The mindset was to get better at something by doing more of it. And you know what, it is okay to do that, sometimes. Yes you need some volume. But, there are a handful of other things that you need in order to attack your weaknesses. Think of it like a battle. It’s no longer the 1700’s. You don’t tell your enemy that you want to fight them and then line up in front of each other and start shooting. You strategize. You hit them from all angles with different implements.
Here is a list of ways to attack your weakness in order of importance with a brief explanation why. A solid approach to attacking your weakness isn’t to go down the list but to combine elements of the list in a well thought out, progressive attack.:
- Determine imbalances. Imbalances place an uneven amount of force on each side of your body and can lead to injuries.
- Where do you have discrepancies between your strength, stability, and range of motion about the left and right sides of your midline, shoulder, hips?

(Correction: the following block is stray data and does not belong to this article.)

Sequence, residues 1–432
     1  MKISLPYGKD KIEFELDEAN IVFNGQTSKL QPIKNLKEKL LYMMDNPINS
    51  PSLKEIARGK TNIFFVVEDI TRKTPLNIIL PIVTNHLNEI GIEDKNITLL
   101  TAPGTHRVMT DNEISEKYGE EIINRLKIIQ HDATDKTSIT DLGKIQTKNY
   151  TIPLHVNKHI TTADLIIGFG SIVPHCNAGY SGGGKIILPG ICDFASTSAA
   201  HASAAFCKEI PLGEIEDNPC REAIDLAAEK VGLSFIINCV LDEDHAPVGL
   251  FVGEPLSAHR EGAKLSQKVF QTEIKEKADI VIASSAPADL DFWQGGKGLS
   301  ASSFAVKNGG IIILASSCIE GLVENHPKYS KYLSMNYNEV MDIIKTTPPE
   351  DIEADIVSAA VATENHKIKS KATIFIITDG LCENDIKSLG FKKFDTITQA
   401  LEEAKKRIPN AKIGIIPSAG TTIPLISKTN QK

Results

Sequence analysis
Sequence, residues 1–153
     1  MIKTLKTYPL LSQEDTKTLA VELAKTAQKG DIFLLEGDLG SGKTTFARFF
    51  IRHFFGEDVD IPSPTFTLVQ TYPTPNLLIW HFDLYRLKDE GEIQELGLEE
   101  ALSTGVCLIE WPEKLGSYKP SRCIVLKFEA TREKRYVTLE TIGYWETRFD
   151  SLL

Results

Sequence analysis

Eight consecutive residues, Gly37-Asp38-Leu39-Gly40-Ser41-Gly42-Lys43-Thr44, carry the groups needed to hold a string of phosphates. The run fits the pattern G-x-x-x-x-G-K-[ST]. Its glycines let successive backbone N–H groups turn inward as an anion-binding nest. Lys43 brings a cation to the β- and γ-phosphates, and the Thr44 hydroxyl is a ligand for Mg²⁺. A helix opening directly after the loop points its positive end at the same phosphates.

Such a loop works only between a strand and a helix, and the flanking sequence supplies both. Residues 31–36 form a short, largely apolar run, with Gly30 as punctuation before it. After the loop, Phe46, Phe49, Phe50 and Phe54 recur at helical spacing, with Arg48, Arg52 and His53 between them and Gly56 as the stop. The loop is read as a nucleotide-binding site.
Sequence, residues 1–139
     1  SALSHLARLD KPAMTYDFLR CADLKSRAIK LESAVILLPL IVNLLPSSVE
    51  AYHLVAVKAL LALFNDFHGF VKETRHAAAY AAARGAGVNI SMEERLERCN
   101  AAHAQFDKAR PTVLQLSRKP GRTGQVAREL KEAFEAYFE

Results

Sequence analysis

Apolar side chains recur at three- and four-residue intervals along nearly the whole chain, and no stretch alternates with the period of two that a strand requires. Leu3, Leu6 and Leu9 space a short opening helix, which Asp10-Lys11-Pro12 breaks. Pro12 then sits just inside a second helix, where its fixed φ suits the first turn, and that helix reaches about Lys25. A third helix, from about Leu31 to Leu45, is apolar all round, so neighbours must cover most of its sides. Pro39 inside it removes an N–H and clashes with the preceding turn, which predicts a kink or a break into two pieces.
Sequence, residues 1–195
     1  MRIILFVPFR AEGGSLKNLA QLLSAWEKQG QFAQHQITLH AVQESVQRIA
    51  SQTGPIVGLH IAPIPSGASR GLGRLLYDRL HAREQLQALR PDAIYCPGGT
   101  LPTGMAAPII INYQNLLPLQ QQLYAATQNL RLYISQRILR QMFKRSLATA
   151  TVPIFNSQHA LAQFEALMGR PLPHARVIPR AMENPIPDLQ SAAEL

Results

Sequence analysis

- Length/Tension Relationships. While it can take quite some time to get this type of thing to go away depending on what it is, we can make a difference. A little at a time adds up to a lot in the future. Proper muscle relationships lead to proper movement of the joints they control.
- Prime movers. Prime movers are the key muscles that need to fire in order to perform a movement. For example, in a pullup your lats are the prime mover, your biceps assist (synergist). If your lats aren’t firing then there is an issue, not only for the pullup but for your shoulder health in general. You wouldn't want the bicep to become your prime mover for a pullup.
- Antagonist muscles. Antagonists are typically opposite muscle groups. In a simple bicep curl the bicep is the prime mover and your tricep is the antagonist. An over-active antagonist can restrict strength or range of motion in the opposite muscle causing issues.
- Proper muscle length and quality.
- Foam roll and stretch overactive antagonists.